"Teddy, you're rambling man." Rob sighed into the receiver. "Listen buddy, just throw the damn thing away. Sounds like it's causing way more stress than it's worth."

Theo paused. He looked at the phone, then back at the box. "Why...why do you say that?"

Rob laughed, though his amusement sounded strained. "Dude, you're calling me about a cardboard box, that's why. Just don't open it and throw it away."

"Wait, why..."

"Theo, don't open it. Simple as that. Now I gotta go. Work stuff. Take care, man."


Theo stared at his phone, dumbfounded. One weird call he could rationally justify, but two? And the same warning laced with a tinge of fear.

Don't open the box.

Fine. Then he'd at least get some answers about who could have sent it. Grumbling to himself, he looked up the number for the postal service, then dialed.

Beep. Beep.

Theo closed his eyes and sucked in a deep breath.

Beep. Beep.

He drummed his fingers against his thigh, his foot twitching restlessly.

Beep. Beep.

His heart jumped as the robotic voice politely shouted on the other line. "I'm sorry, your call cannot be connected at this time. Please hang up and try again later."

Groaning, Theo hung up and dialed again, cursing at the phone when the message repeated. Irritated, he slammed the phone back down on the charger and stormed into the kitchen. Theo snatched up the box and shook it hard, straining to hear whatever lurked inside.


He examined the sides again, checked for holes in the cardboard, and found nothing. Annoyed, yet intrigued, Theo set it down again and returned to his phone. Pulling it off the charger, he sank down onto his couch and began searching for anything about strange packages. The moment he typed the words into the search bar, the screen froze; the little, white circle spinning and spinning in and endless cycle of buffering until, exasperated, Theo tossed the phone on the coffee table and slapped his palms over his eyes.

Shaded in darkness, he could feel his heart rate pick up speed, his rational senses losing the battle to his anxiety, his nerves frayed. Sliding his hands over to his temples, he swept his gaze around the room, the bright white surrounding him suddenly losing its calming effect. Nothing but white. No pictures, no artwork, nothing adorning the walls or shelves that gave any sense of personality, of style, of family and friends. When did his home, his life for that matter, become so... antiseptic?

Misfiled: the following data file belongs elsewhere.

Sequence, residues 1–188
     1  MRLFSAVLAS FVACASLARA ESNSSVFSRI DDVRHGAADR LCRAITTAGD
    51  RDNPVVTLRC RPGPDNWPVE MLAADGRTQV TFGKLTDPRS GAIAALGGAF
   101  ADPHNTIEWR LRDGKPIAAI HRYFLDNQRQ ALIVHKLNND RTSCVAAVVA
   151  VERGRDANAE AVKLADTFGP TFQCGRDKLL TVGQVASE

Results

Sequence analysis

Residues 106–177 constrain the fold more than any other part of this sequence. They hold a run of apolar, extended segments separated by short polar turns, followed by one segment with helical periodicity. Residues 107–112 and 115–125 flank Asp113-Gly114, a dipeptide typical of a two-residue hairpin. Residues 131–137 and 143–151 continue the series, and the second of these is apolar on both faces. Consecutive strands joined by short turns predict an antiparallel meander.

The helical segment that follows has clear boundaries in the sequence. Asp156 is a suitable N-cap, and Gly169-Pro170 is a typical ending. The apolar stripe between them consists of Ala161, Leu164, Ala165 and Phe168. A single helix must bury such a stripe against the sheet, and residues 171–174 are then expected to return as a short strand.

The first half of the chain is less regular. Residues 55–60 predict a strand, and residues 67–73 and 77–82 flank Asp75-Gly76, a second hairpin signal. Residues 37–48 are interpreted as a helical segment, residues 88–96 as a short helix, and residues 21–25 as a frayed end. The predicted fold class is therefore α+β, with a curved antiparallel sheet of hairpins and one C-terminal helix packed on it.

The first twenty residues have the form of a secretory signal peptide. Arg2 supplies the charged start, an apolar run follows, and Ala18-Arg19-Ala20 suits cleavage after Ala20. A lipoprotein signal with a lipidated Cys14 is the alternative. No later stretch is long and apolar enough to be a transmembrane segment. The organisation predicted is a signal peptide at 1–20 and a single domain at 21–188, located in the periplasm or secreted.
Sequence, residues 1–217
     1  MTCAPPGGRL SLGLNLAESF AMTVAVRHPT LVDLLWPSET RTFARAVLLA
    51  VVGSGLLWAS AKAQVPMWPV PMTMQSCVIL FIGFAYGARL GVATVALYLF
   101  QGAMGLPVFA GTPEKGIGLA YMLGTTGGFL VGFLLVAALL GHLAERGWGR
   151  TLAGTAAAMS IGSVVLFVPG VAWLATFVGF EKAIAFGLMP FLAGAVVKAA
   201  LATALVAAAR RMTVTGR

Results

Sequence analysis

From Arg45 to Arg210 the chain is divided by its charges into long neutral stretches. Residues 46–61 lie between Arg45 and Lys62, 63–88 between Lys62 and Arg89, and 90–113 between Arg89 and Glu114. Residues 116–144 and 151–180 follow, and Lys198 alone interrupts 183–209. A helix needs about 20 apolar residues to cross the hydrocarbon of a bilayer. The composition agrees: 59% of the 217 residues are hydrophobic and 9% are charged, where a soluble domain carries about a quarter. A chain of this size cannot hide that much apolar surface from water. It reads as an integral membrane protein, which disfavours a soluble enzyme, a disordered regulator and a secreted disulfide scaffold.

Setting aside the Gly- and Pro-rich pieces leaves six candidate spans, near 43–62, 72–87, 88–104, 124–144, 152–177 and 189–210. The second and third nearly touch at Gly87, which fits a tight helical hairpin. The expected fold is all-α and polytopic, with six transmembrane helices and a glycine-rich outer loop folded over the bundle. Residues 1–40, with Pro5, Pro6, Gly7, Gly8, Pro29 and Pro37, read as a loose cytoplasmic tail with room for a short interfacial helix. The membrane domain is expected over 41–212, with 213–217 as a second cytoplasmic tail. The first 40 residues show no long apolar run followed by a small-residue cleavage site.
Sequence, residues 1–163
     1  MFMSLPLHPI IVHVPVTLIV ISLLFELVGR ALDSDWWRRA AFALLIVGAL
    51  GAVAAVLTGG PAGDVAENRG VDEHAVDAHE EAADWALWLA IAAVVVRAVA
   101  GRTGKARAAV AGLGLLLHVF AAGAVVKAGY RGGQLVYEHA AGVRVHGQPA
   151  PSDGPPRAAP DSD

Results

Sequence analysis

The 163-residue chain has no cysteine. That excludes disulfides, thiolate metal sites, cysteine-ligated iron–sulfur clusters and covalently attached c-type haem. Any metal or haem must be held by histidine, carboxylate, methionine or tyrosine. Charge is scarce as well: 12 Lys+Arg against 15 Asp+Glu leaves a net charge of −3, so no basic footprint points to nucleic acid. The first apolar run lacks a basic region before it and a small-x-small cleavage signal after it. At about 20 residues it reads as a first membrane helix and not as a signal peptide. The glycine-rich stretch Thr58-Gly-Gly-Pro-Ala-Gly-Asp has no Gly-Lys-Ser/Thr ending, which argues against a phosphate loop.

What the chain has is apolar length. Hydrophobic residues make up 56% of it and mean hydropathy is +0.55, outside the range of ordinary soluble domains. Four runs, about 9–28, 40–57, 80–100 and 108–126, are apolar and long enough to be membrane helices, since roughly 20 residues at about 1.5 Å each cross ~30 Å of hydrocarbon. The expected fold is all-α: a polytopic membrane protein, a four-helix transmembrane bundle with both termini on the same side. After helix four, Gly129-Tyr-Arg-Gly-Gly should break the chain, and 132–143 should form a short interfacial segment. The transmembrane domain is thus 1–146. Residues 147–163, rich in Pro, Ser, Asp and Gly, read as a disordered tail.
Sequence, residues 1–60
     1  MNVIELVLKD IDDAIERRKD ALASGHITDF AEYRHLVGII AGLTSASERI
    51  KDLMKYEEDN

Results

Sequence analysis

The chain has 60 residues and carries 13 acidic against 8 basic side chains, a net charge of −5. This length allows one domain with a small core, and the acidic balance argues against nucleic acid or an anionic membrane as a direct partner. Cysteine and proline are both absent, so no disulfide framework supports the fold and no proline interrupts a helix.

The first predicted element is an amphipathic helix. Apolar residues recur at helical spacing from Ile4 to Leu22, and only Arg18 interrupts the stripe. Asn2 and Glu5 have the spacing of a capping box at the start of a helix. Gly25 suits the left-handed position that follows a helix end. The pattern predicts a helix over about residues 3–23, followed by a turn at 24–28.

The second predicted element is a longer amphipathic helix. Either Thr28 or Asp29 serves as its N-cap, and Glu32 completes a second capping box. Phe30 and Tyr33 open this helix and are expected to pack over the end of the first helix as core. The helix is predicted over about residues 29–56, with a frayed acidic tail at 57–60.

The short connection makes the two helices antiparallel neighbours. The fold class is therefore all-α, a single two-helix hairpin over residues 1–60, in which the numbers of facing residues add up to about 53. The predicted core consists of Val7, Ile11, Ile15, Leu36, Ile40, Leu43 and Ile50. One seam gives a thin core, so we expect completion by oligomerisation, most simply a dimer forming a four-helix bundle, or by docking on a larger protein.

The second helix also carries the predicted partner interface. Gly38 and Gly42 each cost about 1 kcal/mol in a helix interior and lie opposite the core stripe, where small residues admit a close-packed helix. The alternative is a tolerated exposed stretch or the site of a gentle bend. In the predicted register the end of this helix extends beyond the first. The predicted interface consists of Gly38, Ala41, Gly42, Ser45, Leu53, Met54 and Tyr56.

As Theo sank deeper into the couch cushions, the sensation of everything unravelling suddenly grew more perceptible. He leaned his head over the back of the couch and stared at the ceiling, lost in a sudden sense of ennui as he began questioning everything his life had come to. Stuck in his own little box in his own little world, separated just like the rest of humanity from those around him, detached. Theo couldn't recall the last time he'd actually seen another human being in person. But why? He had no recollection of a resurging pandemic, no news headlines warning of global catastrophe; nothing to explain his current state of consensual confinement.

Don't open the box, Theo.

Once more, he felt the box's hidden eyes on him, calling him, tantalizing in its mystery. Too many things didn't make sense anymore, too many things suddenly soured all because of some strange box dumped on his quarantined porch, leaving only one logical step.

Theo leapt to his feet and bounded into the kitchen. Snatching the box cutter from the drawer as he passed, he sliced through the tape and yanked open the flaps, exposing the mystifying interior within.

For a long moment, Theo stood staring down at the inside of the box, his breathing ragged as he tried to wrap his head around what his eyes saw. The box was empty save for the small window-like screen encompassing the bottom. Through that, was a hospital room. Theo peered down at the scene below as though sitting on the ceiling just above the bed. Clinical, white-just like his home- with monitors beeping furiously; doctors and nurses adorned in blue scrubs rushed in and out of the room, while one man tried desperately to resuscitate the prone figure lying in the bed.

Confused, Theo spun the box upside down and stared at the blank, cardboard bottom. He tapped it, felt the solidity of it beneath his fingertip, then flipped it back over and continued watching the scene play out.